This document describes reasons to build cloud function-based applications (or CFAs), with considerations and added context on how they differ from other kinds of software.
Traditionally, most apps demand three key things of their maintainers:
- Managing the codebase
- Managing the server infrastructure that runs the codebase
- Managing the plumbing that ties the code and infra together
Begin offers a powerful new approach to app development: building applications native to cloud functions.
A batteries-included cloud function-native app means zero config, zero setup, and pre-built plumbing (CI/CD, Git integration, dedicated staging environment, etc.), that runs indefinitely without ever needing maintenance, patches, or security fixes.
It also means your app deploys instantly, you pay only for what you use, and you can finally scale your app from a simple prototype to a massive success without ever having to change your cloud infra.
So, here's why build with cloud functions
✨Let's learn your new superpowers
Unlike server-metaphor based technologies (servers, VMs, instances, Docker / Kubernetes, etc. – which we'll just call "servers" here), CFAs:
- Deploy new code instantaneously - a single function deploys globally in seconds, and a large app in minutes. This means orders of magnitude tighter iteration cycles and faster fixes, which in turn means far greater customer value.
- Scale up to meet increased demand instantly - cloud functions are completely elastic, and instantly create additional instantiations of themselves as demand grows. Never worry about the app going down again.
- Scale and grow automatically - time spent capacity planning is time wasted
- Are more secure - cloud functions adhere to least privilege at the lowest levels, each being locked down and secured from the filesystem all the way up through the other cloud services it can communicate with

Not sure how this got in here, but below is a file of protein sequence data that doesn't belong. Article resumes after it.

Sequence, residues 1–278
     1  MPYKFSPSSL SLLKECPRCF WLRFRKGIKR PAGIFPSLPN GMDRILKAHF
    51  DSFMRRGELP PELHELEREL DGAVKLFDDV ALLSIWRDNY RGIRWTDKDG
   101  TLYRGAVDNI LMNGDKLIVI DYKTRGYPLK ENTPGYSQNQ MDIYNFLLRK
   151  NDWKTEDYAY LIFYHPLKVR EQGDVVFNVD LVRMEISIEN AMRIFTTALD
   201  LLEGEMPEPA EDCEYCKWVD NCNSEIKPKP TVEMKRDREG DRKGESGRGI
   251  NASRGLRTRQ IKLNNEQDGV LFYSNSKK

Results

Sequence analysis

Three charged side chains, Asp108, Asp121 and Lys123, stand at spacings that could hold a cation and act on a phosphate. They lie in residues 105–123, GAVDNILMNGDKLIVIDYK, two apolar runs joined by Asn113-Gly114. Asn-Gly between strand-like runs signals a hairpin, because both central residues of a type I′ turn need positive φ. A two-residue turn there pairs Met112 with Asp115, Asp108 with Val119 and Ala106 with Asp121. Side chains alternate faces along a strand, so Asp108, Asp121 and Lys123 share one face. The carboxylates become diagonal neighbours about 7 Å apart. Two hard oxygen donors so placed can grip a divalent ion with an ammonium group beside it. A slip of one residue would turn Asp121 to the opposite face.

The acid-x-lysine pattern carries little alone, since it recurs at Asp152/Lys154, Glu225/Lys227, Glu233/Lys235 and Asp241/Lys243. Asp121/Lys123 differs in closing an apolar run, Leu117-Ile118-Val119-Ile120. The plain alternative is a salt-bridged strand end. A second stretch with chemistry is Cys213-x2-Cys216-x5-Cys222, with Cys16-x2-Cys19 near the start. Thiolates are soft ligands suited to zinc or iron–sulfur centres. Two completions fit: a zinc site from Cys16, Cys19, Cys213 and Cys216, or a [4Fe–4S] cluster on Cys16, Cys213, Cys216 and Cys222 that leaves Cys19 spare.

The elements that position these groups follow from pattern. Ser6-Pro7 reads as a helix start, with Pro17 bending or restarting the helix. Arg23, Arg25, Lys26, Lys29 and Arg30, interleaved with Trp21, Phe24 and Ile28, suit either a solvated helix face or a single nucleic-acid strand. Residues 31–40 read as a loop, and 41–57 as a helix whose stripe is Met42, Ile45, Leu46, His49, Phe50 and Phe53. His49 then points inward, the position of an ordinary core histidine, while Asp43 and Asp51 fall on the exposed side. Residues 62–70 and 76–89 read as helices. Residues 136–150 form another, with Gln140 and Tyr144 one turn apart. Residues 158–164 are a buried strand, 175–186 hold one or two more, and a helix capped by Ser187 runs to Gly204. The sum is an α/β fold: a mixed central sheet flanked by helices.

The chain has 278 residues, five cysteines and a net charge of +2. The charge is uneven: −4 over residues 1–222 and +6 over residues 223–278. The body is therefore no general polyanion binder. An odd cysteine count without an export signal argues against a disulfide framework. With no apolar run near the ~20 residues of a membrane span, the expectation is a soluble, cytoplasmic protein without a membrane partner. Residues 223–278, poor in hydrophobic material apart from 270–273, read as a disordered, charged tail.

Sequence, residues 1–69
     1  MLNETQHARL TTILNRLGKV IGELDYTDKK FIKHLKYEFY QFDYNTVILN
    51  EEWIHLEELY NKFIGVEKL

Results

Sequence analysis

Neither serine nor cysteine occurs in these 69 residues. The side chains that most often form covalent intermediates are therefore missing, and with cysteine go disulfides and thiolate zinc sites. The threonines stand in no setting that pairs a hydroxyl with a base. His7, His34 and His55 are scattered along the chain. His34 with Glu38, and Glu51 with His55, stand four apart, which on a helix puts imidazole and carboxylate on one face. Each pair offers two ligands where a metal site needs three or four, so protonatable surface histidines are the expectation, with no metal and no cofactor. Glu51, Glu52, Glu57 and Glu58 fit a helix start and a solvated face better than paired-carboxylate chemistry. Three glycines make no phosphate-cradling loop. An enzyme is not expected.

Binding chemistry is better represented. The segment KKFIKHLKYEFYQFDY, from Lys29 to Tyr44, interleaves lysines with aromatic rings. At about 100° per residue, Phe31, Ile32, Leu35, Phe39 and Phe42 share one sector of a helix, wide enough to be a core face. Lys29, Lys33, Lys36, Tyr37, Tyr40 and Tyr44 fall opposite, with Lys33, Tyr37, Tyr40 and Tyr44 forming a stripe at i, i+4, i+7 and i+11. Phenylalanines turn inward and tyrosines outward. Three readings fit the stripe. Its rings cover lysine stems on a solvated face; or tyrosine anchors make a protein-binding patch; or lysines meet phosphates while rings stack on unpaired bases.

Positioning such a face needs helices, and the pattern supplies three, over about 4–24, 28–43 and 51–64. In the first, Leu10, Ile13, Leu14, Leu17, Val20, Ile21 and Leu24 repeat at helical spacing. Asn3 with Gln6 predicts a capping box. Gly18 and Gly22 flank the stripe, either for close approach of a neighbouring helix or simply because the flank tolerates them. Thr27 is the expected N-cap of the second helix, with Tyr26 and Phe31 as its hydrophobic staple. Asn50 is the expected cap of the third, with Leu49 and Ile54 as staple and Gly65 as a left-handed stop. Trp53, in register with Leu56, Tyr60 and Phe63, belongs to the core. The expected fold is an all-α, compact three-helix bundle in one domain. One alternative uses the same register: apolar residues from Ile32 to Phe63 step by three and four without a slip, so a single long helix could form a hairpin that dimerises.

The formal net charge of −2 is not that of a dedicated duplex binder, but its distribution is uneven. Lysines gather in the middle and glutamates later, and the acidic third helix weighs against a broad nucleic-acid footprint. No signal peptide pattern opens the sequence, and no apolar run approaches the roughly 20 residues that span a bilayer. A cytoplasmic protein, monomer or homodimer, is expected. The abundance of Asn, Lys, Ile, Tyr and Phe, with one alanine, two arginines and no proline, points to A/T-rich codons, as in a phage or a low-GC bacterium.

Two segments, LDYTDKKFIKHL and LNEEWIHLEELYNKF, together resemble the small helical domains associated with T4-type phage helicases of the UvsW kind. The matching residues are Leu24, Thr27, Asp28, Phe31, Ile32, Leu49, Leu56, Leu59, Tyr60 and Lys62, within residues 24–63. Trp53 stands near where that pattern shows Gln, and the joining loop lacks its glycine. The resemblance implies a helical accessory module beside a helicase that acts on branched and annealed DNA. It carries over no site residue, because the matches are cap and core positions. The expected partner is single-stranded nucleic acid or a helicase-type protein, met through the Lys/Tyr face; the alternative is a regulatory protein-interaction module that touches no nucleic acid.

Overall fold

- Do not keep ports or processes open - with nothing to scan and attack, say goodbye to one of your app's chief security vectors
- Recycle instantly – no more lag to do simple things like modify environment variables, cloud functions are easily reconfigured, and changes go live in milliseconds
- Never require patching - the latest under-the-hood security updates are baked into every invocation in real-time, without maintainer intervention
- Never require maintenance - planned downtime to tidy up your server cluster is simply a thing of the past
- Only pay for what you for what you use, and at affordable rates - not having to keep servers running means not having to pay for servers sitting idle; and even when in heavy use, cloud functions are highly affordable
Cloud function apps embody the dream we've been promised of the cloud for decades. With these new superpowers comes new considerations.
Cloud function considerations
Statelessness between invocations
Unlike servers, which can take seconds or minutes to spin up, cloud functions start in milliseconds, and can instantly fan out to massive scale.
- This is possible because cloud functions are effectively stateless between each invocation
- However, many of today's applications assume some statefulness between executions, so this may be a new consideration for your application architecture
Statelessness can impact your choice of database
Because cloud functions are effectively stateless, older socket-based data persistence systems (example: most SQL databases) can become overwhelmed by their need to open and close connections so frequently.
- For this reason, cloud functions work best with persistence systems that utilize fast, non-socket based methods of transaction (e.g. HTTP, API, etc.)
- Examples include Begin Data / DynamoDB, Firebase, RethinkDB, FaunaDB, GraphQL, etc.
- This is, of course, evolving! We understand there projects launching soon to enable cloud function-friendly accessing of socket-based databases like SQL, Postgres, MongoDB, etc.
Smaller cloud functions run faster
Cloud functions start and run fastest when they're small and discrete.
- For this reason Begin applications split your application up into individual, stateless functions, each its own directory in your repo
- Of course, intra-project code sharing would be a requirement to keep things dry, so Begin applications share code via
src/views/ dirs (learn more here)
- In practice, this looks a lot like a microservices-based architecture, except now it has the advantage of being reflected in how your app runs in the cloud
- This also has the added benefit of massively aiding debugging – no more grepping through your entire application's logs, just look at the cloud function in which you've got the bug!